The Dead Don’t Die brings together a bunch of Jarmusch’s regular collaborators, and let’s be honest, most of us welcome these actors in anything we watch – Billy Murray (with his remarkable hang-dog expressions and uncanny, almost Gene Wilder-like ability for timing and pauses), Tilda Swinton, one of the great Queens of the World in my book, here clearly having fun with her bizarre, katana-wielding funeral home director, recently arrived in this small community (when pointed out she’s rather peculiar one character simply notes “she’s Scottish”, which got a good laugh from the Edinburgh festival crowd, and no offence taken as Tilda has lived here quite a lot, so we count her as one of us and therefore fine to lampoon us).

Adam Driver’s deputy worked brilliantly alongside Bill Murray’s sheriff – with a quiet character like Murray’s Cliff the temptation could have been to have the opposite for his deputy, someone loud, or panicky. Instead Driver essays a calm, almost laid-back approach to the building horror, much like Murray’s older character, and this worked nicely in my opinion. Tom Waits prowls the woods around the town as Hermit Bob, spotting the early signs (birds migrate early to flee, ant colonies go mad, cows run to hide in the woods, then bigger clues like dead bodies erupting from graves), and providing the occasional bit of narration to the events, all delivered in that gravelly, unmistakable Tom Waits voice. Others like Chloë Sevigny, Selena Gomez and Danny Glover all get some nice character moments too, it’s a well-played ensemble piece.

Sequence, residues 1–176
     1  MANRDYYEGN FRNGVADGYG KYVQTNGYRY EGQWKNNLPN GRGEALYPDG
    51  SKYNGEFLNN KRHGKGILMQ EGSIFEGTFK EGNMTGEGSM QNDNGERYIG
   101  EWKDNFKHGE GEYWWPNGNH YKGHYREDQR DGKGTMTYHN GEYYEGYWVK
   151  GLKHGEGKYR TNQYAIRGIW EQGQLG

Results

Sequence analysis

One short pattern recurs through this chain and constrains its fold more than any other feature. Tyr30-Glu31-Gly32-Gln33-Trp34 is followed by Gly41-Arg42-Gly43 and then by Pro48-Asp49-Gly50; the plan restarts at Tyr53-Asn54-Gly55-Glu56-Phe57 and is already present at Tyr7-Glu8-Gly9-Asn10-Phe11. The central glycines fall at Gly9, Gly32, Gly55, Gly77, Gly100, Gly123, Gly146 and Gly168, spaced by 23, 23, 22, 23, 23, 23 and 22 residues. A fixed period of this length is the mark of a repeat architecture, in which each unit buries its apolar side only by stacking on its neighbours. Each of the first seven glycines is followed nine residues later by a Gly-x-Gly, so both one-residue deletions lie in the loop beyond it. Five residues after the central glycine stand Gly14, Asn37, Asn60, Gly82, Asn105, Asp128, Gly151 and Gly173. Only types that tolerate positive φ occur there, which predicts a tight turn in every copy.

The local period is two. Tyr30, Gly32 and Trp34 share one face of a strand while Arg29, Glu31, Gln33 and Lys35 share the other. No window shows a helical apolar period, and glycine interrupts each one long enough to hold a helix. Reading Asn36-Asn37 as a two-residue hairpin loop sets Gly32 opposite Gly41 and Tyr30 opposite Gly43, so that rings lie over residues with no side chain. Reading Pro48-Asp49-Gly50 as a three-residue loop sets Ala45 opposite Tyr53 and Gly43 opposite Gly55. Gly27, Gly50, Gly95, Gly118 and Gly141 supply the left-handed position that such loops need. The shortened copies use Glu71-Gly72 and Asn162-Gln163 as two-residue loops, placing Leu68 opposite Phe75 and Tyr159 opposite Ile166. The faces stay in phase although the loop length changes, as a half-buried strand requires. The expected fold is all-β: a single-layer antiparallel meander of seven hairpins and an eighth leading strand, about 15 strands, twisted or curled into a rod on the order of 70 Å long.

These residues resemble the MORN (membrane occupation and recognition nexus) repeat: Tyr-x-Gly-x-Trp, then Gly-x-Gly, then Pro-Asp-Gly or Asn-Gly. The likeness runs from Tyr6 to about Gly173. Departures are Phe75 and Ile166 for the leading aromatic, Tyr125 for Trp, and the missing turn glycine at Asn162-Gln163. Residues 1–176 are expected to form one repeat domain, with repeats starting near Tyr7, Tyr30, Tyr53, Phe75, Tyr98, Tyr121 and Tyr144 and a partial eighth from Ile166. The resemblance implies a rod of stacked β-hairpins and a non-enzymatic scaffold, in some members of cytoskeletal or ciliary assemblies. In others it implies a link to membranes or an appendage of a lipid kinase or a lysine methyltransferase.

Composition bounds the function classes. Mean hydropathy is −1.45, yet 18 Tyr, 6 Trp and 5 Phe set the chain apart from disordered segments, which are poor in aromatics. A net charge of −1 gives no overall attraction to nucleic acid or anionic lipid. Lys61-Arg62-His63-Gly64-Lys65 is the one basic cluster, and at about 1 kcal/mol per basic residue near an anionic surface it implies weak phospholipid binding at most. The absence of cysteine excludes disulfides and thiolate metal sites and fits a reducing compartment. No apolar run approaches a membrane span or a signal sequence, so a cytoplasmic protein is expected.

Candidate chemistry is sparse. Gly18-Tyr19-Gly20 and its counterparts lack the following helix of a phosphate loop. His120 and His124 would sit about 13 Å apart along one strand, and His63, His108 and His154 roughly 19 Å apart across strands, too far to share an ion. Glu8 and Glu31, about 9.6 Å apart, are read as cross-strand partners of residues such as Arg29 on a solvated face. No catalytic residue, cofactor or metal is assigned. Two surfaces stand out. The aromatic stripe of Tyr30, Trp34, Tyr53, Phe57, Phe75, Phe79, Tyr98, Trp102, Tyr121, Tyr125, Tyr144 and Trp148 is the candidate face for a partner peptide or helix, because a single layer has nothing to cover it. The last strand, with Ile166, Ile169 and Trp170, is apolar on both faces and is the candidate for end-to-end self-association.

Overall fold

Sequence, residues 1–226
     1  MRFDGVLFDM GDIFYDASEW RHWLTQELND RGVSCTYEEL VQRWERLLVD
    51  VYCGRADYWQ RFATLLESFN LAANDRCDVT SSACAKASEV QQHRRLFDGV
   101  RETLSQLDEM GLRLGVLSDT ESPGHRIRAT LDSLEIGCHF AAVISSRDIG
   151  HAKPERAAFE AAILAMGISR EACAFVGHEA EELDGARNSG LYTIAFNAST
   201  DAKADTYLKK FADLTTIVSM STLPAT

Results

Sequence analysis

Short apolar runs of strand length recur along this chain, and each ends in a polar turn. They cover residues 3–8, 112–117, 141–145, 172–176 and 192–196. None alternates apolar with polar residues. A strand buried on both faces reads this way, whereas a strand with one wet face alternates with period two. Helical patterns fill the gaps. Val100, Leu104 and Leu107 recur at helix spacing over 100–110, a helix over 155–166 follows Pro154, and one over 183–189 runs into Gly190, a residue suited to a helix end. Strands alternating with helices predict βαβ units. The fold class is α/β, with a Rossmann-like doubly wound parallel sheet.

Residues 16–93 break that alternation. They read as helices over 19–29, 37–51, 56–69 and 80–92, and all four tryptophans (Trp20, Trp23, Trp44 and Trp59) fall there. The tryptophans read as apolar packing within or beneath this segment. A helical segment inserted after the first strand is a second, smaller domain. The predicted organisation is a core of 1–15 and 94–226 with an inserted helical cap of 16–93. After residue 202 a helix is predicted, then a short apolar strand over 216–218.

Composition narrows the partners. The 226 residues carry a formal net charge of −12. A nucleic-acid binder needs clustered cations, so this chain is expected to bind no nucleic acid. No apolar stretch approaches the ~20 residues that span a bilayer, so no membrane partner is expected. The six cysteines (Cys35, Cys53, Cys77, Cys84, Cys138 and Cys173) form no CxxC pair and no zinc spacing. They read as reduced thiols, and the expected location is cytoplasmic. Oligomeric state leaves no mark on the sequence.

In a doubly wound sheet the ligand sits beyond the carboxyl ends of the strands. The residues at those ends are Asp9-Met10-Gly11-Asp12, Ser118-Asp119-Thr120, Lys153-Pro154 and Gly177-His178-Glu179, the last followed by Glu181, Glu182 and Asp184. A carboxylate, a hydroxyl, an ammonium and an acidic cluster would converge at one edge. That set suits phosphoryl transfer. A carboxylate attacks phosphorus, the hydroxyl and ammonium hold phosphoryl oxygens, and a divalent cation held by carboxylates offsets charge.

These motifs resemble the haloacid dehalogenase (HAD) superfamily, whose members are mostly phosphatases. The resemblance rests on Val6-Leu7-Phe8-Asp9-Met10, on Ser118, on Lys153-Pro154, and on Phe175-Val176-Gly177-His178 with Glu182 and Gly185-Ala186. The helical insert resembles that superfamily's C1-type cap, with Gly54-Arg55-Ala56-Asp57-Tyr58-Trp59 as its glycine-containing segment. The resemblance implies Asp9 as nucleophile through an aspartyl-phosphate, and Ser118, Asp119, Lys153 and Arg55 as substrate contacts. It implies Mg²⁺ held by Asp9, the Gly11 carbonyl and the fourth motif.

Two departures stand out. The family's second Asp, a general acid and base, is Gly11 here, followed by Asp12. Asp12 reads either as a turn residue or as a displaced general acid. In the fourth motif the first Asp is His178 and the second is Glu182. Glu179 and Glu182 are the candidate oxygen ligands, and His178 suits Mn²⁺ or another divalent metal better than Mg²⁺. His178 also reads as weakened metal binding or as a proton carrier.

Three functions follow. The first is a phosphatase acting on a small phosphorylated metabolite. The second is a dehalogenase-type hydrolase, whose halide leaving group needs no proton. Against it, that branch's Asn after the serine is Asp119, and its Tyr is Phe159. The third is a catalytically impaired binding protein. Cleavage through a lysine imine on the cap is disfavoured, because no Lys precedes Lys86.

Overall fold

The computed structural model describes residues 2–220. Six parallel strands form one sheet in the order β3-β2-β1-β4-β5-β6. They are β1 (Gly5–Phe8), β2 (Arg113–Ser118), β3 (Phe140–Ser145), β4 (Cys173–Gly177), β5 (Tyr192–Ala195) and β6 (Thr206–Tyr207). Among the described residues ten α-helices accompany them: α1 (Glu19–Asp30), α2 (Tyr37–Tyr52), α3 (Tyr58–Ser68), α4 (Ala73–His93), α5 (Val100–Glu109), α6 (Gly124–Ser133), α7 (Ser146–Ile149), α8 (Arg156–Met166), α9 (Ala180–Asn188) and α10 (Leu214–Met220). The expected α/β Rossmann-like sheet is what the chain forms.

The references to other films, both in the horror genre and in Jarmusch’s own body of work, are littered throughout the film and prove to be highly enjoyable little gems for fans, the natural world going crazily out of tilt mirrors a couple of scenes from Only Lover, for example, or Adam Driver’s character having a Star Destroyer key-chain in a hint to his Star Wars role. The increasing conceit of the characters starting to talk about being in a Jarmusch film is played well for comic effect as the film builds towards its climax, and the film isn’t shy of giving even more famous names a grisly demise (in fact it seems to relish doing so rather gleefully, and I suspect the actors enjoyed it).

It’s funny, it’s silly, it’s horror, it’s fantasy, it’s comedy. If you aren’t a Jarmusch fan then I doubt this will convert you, but for those of us who look forward to any new work from Jarmusch, this has all the Jim ingredients we love, mixed and baked nicely, while the ensemble cast are obviously enjoying playing together in a Jarmusch film. I left the cinema with a huge smile on my face, among a very busy and very happy-looking film festival audience.

EIFF 2019 – Memory: the Origins of Alien

Memory: the Origins of Alien,
Directed by Alexandre O. Phillippe,
Exhibit A Pictures